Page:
Is a trust a “mere expectancy” as it pertains to classification of potential property interests as marital or nonmarital? If an interest is sufficiently certain and concrete, it is marital property subject to equitable distribution between divorcing litigants. If the interest is a mere expectancy, it is too uncertain, speculative and remote to include in the divisible marital estate.
Expectancies are not sufficiently certain to classify them as marital property
The question of whether an asset is a mere expectancy applies to a variety of property types. For example, we have previously discussed whether particular kinds of potential or difficult-to-define interests like retirement plans, pensions, degrees and licenses, unvested stock options and executive perks are sufficiently concrete that including them as marital property with tangible value would be fair – or are they mere expectancies?
The Connecticut Supreme Court quoted a Tennessee case defining expectancy as the “bare hope of succession to the property … Such a hope is inchoate. It has no attribute of property, and the interest to which it relates is at the time nonexistent and may never exist.” See Krause v. Krause, 174 Conn. 361 (1978). Put another way, is an interest contingent on a particular future event occurring that is uncertain enough that the potential property interest is only an expectancy?
Giving a divorce litigant as part of their property distribution an “asset” without sufficient certainty that it will eventually vest in the interested spouse would certainly be unfair. The spouse with that property on their side of the ledger may never receive it. An expectancy is not part of the presently available property subject to equitable distribution. See Rubin v. Rubin, 204 Conn. 224 (1987).
Applying a complex analysis to a complicated trust
When is a trust interest sufficiently concrete enough that it is reasonable to call it marital property in divorce? At a basic level, a trust is a legal vehicle a person can create to hold money, property or other assets for distribution to a beneficiary or multiple beneficiaries. A named trustee, who is a person or entity named to control and distribute the trust assets to the beneficiary, must follow the directions and standards for distribution that the creator (settlor or grantor) established in the trust instrument.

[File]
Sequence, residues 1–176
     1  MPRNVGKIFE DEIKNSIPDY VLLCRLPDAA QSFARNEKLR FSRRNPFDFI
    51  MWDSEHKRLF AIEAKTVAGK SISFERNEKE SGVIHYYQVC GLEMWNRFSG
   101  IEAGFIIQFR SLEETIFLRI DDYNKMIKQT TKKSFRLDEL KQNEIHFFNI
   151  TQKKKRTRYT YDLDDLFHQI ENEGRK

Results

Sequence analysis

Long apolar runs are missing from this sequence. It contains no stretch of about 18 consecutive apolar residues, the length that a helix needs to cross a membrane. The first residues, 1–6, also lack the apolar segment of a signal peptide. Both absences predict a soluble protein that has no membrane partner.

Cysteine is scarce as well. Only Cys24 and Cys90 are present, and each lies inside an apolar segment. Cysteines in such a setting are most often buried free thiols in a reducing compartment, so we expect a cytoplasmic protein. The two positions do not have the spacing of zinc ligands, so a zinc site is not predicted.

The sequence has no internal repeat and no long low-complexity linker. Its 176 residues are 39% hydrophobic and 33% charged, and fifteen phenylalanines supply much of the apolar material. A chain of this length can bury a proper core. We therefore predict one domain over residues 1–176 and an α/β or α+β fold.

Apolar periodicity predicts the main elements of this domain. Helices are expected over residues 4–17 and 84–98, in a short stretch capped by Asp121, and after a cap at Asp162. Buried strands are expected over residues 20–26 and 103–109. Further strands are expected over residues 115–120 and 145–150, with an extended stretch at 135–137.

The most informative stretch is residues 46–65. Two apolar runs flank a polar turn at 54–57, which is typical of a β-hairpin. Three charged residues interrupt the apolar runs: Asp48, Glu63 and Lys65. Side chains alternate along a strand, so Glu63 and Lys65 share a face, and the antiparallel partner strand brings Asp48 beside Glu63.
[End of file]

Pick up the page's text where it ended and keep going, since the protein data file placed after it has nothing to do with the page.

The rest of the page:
A person may create a trust to keep assets out of the reach of someone – creditors, a spouse or child, a vulnerable or incompetent person, children or grandchildren, a loved one with an addiction or who makes unwise financial decisions are examples. The trust settlor may want the trustee to use the corpus (trust assets) to support or care for a person, or to dole out assets to a beneficiary in small amounts over time. Other reasons to use a trust may include charitable giving, tax planning or protection of a disabled loved one’s eligibility for public benefits.
Or to shield assets from availability to their spouse in divorce.
The types of and purposes for trusts as well as the kinds of powers, discretion granted and limits placed on trustees are endless. Against this backdrop, if a divorcing litigant has an interest in a trust, when is that interest sufficiently certain to be marital property rather than a mere expectancy? This interest could be in the trust assets, in an income stream from the trust or in both.
Factors relevant to whether a trust is a marital asset
Courts analyze trusts in this context to determine whether a litigant has any access to or control over trust assets:
- Is the litigant a beneficiary who can request distributions or who is scheduled to receive distributions or trust income? Or does the trustee have complete power to make these decisions subjectively at their discretion? Are the trust instructions unlikely to cause the trustee to make a distribution to the litigant?
- Is the litigant the sole beneficiary or are there multiple? Or is the litigant’s interest contingent on another event such as surviving another person?
- Does the beneficiary have the power to redirect trust distributions to their children instead of taking ownership themselves?
- What is the history of distributions or trust income and has it benefited a spouse?
- Who is the trust settlor? Was it a third-party as part of their estate plan or was it a spouse trying to make assets unreachable from the other spouse? (See a recent article in Family Lawyer Magazine for more on this.)
- What is the nature of the trust assets and where did they come from?
- What is the relationship between the trustee and the beneficiary spouse? Is there space between the trustee and the divorce litigants?
Divorces involving complex, valuable trusts are often intricately complicated factually and legally. An experienced Connecticut family lawyer can carefully review a trust instrument to understand whether either litigant has a sufficiently concrete ownership interest in the corpus or in any income stream from the trust. The answer to this question may significantly affect the financial worth of the marital property subject to equitable distribution. Legal counsel is important whether the litigant is a potential trust beneficiary or the other spouse questioning trust asset ownership.